Biodiversity Data Journal : Taxonomic Paper
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Taxonomic Paper
First record of Trissolcus basalis (Hymenoptera: Scelionidae) parasitizing Halyomorpha halys (Hemiptera: Pentatomidae) in the United States
expand article infoRammohan R Balusu, Elijah J Talamas§,|, Ted E Cottrell, Michael D Toews#, Brett R Blaauw¤, Ashfaq A Sial¤, David G Buntin«, Henry Y Fadamiro, Glynn Tillman»
‡ Department of Entomology and Plant Pathology, Auburn University, Auburn, AL, United States of America
§ Florida State Collection of Arthropods, Gainesville, United States of America
| USDA/SEL, Washington, DC, United States of America
¶ United States Department of Agriculture, Agricultural Research Service, Southeastern Fruit & Nut Tree Research Laboratory, Byron, GA, United States of America
# Department of Entomology, University of Georgia, Tifton, GA, United States of America
¤ Department of Entomology, University of Georgia, Athens, GA, United States of America
« Department of Entomology, University of Georgia, Griffin, GA, United States of America
» United States Department of Agriculture, Agricultural Research Service, Crop Protection & Management Research Laboratory, Tifton, GA, United States of America
Open Access

Abstract

Background

A parasitoid wasp, Trissolcus basalis (Wollaston), was recorded parasitizing eggs of the invasive stink bug Halyomorpha halys (Stål) in the United States. This is the first record of this species parasitizing fresh and frozen eggs of H. halys in the United States.

New information

First record of Trissolcus basalis parasitizing Halyomorpha halys eggs in the United States.

Keywords

Parasitoid wasp, endoparasitoid, brown marmorated stink bug

Introduction

The brown marmorated stink bug, Halyomorpha halys (Stål), 1855 (Hemiptera: Pentatomidae) (BMSB) is a native of China, Taiwan, South Korea and Japan. Unfortunately, this invasive insect pest has spread to the United States (Lee et al. 2013), where it is both an urban nuisance pest (Inkley 2012) and a serious economic pest of orchard, field and vegetable crops (Leskey et al. 2012a, Leskey et al. 2012b, Rice et al. 2014). The first known H. halys populations in the United States were reported in 1996 from Allentown, PA (Hoebeke and Carter 2003). It has now been found in 44 states (StopBMSB 2018).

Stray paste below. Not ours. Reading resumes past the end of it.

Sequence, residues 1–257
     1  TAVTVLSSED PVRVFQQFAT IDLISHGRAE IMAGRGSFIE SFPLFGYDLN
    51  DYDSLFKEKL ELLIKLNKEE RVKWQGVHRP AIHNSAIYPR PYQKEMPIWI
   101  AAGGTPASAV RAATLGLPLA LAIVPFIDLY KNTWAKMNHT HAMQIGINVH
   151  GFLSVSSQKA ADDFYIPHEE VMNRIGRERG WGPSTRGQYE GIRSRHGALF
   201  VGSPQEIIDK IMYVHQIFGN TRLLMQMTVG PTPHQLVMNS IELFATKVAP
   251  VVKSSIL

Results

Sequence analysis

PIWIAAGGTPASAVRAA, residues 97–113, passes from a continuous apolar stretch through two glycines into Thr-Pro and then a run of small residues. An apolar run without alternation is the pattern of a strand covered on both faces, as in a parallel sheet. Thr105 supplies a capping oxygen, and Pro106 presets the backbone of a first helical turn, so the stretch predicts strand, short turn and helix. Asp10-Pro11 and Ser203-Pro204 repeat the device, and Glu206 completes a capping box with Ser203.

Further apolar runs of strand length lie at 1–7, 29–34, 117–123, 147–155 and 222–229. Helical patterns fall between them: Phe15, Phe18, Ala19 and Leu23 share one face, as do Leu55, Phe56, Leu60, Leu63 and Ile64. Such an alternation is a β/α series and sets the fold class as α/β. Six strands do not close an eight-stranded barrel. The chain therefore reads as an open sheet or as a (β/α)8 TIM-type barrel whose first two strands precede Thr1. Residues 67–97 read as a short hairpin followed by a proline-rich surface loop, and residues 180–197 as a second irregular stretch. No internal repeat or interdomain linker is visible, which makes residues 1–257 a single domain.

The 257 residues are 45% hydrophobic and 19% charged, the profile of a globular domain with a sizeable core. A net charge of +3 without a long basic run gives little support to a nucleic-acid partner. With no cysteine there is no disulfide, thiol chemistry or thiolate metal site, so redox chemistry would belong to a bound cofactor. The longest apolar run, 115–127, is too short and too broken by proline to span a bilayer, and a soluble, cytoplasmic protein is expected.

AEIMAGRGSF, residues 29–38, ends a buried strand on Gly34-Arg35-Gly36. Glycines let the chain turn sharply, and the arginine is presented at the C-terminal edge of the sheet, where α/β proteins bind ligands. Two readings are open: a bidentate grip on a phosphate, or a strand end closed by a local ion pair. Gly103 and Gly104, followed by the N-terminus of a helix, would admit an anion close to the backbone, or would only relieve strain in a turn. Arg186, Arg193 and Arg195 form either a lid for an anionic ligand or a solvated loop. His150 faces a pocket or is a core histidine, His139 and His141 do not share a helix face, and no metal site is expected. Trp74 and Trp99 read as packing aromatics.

In the south-eastern U.S., populations of H. halys are continuing to expand into the Piedmont and Coastal Plains regions of Georgia and Alabama. Halyomorpha halys was first detected in Alabama in 2010. One year later, urban pest management professionals began reporting overwintering brown marmorated stink bugs in homes in the metropolitan Atlanta area. Currently, the brown marmorated stink bug threatens peaches, plums, blueberries, apples, wine grapes, kiwifruit, soybean, cotton, pecan and tomatoes in both states. The tree of heaven, Ailanthus altissima (Mill.) Swingle, a tree with seed pods that are a favourite non-crop food source for H. halys, also occurs in both states.

Presently, 18 species of hymenopteran endoparasitoids in the genera Anastatus Motchulsky (Eupelmidae), Trissolcus Ashmead, Telenomus Haliday and Gryon Haliday (Scelionidae) have been reported to parasitize eggs of H. halys in the U.S. (Abram et al. 2014, Rice et al. 2014). As the impact of stink bug parasitoids on this pest was unknown in Georgia and Alabama, a survey to examine parasitism and species composition of parasitoids attacking sentinel egg masses of H. halys was conducted in 2017 in regions where populations of H. halys had become established.

Materials and methods

Laboratory-reared H. halys egg masses were laid on knit cloth (97% cotton, 3% spandex). On 24 June 2018, 30 fresh egg masses (≤ 24 h old) were hung as sentinels on tomato plants for 72 h. Some egg masses (≤ 12 h old) were frozen and held at -20ºC for 1–4 d. On 18 October, 30 frozen egg masses were hung as sentinels on plants in cotton and soybean for 72 h. In the laboratory, the collected egg masses were held for emergence of adult parasitoids and emergent wasps were identified using the key of Talamas et al. (2015). Voucher specimens of parasitoids are deposited in the Florida State Collection of Arthropods, Gainesville, Florida (FSCA 00090444, FSCA 00090269).